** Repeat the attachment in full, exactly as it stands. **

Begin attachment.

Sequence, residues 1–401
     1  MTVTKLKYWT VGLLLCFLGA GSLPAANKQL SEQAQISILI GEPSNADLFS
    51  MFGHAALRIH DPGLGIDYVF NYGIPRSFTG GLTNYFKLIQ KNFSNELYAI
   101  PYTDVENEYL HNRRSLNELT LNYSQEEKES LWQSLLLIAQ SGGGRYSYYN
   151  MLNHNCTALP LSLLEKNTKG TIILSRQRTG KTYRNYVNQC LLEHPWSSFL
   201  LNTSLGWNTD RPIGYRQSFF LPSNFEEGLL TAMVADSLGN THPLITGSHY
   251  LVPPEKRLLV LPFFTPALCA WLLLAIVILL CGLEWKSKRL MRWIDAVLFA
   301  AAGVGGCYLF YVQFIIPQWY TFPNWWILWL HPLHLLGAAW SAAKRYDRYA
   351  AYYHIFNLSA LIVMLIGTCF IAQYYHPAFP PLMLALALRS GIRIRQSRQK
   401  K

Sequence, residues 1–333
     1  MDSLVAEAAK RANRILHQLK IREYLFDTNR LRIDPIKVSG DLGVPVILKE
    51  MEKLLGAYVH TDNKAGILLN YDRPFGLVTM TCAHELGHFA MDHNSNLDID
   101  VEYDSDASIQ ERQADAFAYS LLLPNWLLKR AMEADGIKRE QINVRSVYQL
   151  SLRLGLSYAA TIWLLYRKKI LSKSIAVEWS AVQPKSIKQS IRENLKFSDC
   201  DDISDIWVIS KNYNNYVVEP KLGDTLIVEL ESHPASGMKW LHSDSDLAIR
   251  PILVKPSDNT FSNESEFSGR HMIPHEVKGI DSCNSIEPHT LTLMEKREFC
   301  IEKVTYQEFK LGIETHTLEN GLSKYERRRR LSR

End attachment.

Sequence, residues 1–401
     1  MTVTKLKYWT VGLLLCFLGA GSLPAANKQL SEQAQISILI GEPSNADLFS
    51  MFGHAALRIH DPGLGIDYVF NYGIPRSFTG GLTNYFKLIQ KNFSNELYAI
   101  PYTDVENEYL HNRRSLNELT LNYSQEEKES LWQSLLLIAQ SGGGRYSYYN
   151  MLNHNCTALP LSLLEKNTKG TIILSRQRTG KTYRNYVNQC LLEHPWSSFL
   201  LNTSLGWNTD RPIGYRQSFF LPSNFEEGLL TAMVADSLGN THPLITGSHY
   251  LVPPEKRLLV LPFFTPALCA WLLLAIVILL CGLEWKSKRL MRWIDAVLFA
   301  AAGVGGCYLF YVQFIIPQWY TFPNWWILWL HPLHLLGAAW SAAKRYDRYA
   351  AYYHIFNLSA LIVMLIGTCF IAQYYHPAFP PLMLALALRS GIRIRQSRQK
   401  K

Sequence, residues 1–333
     1  MDSLVAEAAK RANRILHQLK IREYLFDTNR LRIDPIKVSG DLGVPVILKE
    51  MEKLLGAYVH TDNKAGILLN YDRPFGLVTM TCAHELGHFA MDHNSNLDID
   101  VEYDSDASIQ ERQADAFAYS LLLPNWLLKR AMEADGIKRE QINVRSVYQL
   151  SLRLGLSYAA TIWLLYRKKI LSKSIAVEWS AVQPKSIKQS IRENLKFSDC
   201  DDISDIWVIS KNYNNYVVEP KLGDTLIVEL ESHPASGMKW LHSDSDLAIR
   251  PILVKPSDNT FSNESEFSGR HMIPHEVKGI DSCNSIEPHT LTLMEKREFC
   301  IEKVTYQEFK LGIETHTLEN GLSKYERRRR LSR